For all the main model types available today, the characteristics of the model type, the advantages, the disadvantages (mostly expressed as a limitation of the application), and the area of application are given below. Although catastrophe theory and chaos theory were mentioned and included in Figures 1 and 2, these types are not included in the overview below, because they are considered mathematical tools that in principle can be applied as useful tools in the development of several different model

r s0

Stochastic SDBBD Statist.

Fuzzy Catastr. Model type

Pop. dyn. Biogeochem.

Figure 1 The number of model papers published in the period 1975-82 classified into different model types: stochastic models spatial distribution models and structurally dynamic models (SDBBDs), models based on the use of statistics, fuzzy models, models using catastrophe theory, population dynamic models, and biogeochemical models.

400 350 300

100 50

Stoc. SDM Stat. Fuzzy Cat.

PD BGC Spat. Model type

IBM ANN

Figure 2 The number of model papers published in the period 2000-06 classified by model type: stochastic models, structurally dynamic models, statistical models, fuzzy models, models based on the use of catastrophe theory, population dynamic models, biogeochemical models, spatial distribution models, individual-based models, artificial neural network models, models developed by the use of artificial intelligence, models using chaos theory, and static models.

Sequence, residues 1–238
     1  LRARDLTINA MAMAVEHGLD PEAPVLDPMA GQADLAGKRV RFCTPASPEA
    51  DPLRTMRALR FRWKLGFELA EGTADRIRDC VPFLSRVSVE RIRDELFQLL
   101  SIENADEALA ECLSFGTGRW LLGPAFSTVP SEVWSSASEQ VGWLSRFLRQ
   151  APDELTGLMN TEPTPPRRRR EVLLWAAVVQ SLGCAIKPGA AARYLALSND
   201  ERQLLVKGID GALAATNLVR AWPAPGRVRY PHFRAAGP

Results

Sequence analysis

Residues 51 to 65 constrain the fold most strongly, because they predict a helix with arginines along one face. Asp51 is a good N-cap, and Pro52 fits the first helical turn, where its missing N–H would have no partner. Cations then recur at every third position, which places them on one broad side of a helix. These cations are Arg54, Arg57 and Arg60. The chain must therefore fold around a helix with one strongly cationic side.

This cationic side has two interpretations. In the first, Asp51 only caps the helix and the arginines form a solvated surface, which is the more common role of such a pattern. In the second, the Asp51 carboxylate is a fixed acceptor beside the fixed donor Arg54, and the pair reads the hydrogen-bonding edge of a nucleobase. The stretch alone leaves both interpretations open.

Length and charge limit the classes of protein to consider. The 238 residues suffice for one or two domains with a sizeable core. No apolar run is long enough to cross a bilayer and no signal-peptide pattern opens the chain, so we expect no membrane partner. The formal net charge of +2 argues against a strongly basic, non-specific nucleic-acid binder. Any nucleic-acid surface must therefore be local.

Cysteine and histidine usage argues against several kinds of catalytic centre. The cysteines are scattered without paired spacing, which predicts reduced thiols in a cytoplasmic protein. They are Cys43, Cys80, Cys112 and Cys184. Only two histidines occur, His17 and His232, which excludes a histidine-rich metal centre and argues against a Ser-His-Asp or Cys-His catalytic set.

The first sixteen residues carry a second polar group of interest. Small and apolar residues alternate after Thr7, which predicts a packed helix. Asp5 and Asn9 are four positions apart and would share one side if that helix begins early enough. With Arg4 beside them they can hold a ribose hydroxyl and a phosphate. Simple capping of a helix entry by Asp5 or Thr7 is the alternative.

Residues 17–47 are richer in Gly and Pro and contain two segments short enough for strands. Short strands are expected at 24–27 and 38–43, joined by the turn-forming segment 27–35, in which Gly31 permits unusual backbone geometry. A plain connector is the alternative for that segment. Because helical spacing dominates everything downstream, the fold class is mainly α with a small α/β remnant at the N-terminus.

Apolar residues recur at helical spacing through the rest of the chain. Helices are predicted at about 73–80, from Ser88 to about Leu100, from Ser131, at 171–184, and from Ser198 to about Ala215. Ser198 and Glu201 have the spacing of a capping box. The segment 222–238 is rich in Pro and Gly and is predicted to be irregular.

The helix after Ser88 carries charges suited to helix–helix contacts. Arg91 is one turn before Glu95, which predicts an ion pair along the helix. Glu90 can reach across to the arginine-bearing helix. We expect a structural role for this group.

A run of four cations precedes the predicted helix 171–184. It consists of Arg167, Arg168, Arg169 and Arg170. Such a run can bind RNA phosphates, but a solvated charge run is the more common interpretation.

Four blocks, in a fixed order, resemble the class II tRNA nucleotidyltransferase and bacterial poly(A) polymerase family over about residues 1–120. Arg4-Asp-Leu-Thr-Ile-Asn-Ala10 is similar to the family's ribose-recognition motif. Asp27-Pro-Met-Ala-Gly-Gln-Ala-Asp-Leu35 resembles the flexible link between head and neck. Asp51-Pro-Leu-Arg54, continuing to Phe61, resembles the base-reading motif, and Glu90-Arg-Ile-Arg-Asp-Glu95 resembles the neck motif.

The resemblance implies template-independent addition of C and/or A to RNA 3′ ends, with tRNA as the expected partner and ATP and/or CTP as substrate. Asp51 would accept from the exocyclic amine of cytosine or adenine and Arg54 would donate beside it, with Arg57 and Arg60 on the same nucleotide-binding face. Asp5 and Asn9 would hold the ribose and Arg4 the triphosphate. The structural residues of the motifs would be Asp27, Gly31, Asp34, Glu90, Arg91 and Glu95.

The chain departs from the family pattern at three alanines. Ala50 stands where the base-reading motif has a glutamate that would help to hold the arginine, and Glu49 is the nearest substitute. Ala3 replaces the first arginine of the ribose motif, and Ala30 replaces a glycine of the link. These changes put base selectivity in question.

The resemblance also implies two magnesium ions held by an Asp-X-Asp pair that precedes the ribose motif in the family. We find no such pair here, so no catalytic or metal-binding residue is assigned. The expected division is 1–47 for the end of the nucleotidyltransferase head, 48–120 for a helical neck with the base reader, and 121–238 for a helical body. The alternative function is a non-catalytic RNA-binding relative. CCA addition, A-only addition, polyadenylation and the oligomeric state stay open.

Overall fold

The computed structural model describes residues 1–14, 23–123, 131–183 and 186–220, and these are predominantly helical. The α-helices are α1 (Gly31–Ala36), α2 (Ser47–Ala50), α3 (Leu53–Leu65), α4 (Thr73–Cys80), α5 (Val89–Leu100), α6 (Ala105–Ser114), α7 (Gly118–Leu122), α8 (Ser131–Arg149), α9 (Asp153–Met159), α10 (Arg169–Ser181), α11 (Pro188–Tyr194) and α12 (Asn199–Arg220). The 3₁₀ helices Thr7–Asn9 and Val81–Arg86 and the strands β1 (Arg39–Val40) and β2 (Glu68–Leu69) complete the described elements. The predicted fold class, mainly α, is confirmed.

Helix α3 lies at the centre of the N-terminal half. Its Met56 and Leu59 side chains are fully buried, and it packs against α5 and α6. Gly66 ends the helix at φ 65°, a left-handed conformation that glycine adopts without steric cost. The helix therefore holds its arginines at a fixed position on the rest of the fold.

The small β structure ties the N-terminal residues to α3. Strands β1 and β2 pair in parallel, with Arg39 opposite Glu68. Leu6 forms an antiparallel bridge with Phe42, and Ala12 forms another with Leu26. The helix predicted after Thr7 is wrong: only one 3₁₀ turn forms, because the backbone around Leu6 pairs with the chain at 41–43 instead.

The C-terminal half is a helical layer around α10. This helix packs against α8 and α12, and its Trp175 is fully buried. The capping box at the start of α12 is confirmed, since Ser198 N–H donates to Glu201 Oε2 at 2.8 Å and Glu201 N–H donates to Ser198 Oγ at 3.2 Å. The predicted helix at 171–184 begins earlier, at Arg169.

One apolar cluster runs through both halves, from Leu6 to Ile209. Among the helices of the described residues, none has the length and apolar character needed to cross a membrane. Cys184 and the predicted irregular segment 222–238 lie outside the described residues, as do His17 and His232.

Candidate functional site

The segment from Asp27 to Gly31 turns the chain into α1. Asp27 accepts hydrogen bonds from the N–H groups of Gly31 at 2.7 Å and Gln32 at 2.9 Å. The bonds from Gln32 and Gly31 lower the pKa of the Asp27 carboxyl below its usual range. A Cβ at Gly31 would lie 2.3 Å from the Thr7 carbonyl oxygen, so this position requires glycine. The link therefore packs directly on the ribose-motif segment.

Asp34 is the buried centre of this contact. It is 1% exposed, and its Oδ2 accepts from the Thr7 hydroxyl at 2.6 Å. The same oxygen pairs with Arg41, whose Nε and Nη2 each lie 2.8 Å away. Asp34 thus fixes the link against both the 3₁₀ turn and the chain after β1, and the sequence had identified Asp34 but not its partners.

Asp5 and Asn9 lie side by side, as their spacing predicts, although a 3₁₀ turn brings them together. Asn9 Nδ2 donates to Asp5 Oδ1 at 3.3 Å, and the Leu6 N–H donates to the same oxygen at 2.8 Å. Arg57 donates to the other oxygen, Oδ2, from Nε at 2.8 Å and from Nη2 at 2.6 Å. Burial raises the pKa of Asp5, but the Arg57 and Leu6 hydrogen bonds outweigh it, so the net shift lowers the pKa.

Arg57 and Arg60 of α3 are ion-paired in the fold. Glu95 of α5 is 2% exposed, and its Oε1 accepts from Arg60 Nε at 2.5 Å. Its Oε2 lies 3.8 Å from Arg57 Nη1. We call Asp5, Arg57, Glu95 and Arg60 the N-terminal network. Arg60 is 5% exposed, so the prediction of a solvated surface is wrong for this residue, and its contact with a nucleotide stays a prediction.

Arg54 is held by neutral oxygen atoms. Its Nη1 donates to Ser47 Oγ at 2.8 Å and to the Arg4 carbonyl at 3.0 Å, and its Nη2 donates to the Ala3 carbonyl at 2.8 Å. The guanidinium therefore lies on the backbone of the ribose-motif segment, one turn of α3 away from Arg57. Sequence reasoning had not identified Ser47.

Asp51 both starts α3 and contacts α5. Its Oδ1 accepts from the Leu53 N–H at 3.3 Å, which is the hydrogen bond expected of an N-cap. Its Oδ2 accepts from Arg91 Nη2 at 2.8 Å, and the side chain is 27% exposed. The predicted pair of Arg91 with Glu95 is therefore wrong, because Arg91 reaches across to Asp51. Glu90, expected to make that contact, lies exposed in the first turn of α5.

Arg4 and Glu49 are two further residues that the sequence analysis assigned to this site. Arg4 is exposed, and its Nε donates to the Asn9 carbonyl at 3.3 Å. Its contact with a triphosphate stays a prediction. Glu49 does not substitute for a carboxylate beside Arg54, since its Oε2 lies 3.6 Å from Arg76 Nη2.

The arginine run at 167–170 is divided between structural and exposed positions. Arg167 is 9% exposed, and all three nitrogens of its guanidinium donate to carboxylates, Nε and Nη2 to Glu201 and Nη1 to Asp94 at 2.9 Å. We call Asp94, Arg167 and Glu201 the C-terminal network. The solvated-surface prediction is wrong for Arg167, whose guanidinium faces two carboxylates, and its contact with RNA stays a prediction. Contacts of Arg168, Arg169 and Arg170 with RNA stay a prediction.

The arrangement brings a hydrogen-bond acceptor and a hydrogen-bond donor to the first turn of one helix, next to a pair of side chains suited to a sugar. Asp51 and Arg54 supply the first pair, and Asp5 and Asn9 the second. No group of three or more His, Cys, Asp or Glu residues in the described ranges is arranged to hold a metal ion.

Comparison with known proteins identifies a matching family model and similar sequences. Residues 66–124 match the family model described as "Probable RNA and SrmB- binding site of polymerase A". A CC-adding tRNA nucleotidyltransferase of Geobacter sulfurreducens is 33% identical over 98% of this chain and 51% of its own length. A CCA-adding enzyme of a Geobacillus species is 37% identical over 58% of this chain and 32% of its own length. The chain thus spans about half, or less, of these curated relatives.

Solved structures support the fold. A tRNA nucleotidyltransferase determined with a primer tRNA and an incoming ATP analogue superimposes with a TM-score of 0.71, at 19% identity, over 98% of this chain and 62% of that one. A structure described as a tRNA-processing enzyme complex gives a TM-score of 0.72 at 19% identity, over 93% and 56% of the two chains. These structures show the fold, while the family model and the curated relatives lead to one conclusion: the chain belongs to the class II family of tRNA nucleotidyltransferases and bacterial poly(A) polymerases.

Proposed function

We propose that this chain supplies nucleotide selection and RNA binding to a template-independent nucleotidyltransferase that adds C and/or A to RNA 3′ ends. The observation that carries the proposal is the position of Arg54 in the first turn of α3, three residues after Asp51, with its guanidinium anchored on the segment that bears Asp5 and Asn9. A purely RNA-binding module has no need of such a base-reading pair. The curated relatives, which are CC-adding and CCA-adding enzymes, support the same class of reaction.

types. Furthermore, statistical models will also not be mentioned because statistics is considered as a tool that can be applied in ecological modeling to give better process description. If a model is based entirely on statistics, it is a so-called black box model, because it has no causality. Black box models can hardly be used to uncover new ecological knowledge. They can be used as a management tool, but as they are not based on ecology but on statistics, they can hardly be denoted ecological models. As ecological modeling is a strong tool in the science ecology, where the focus to a high extent is on causality, the use of black or dark gray box models is avoided to the extent possible.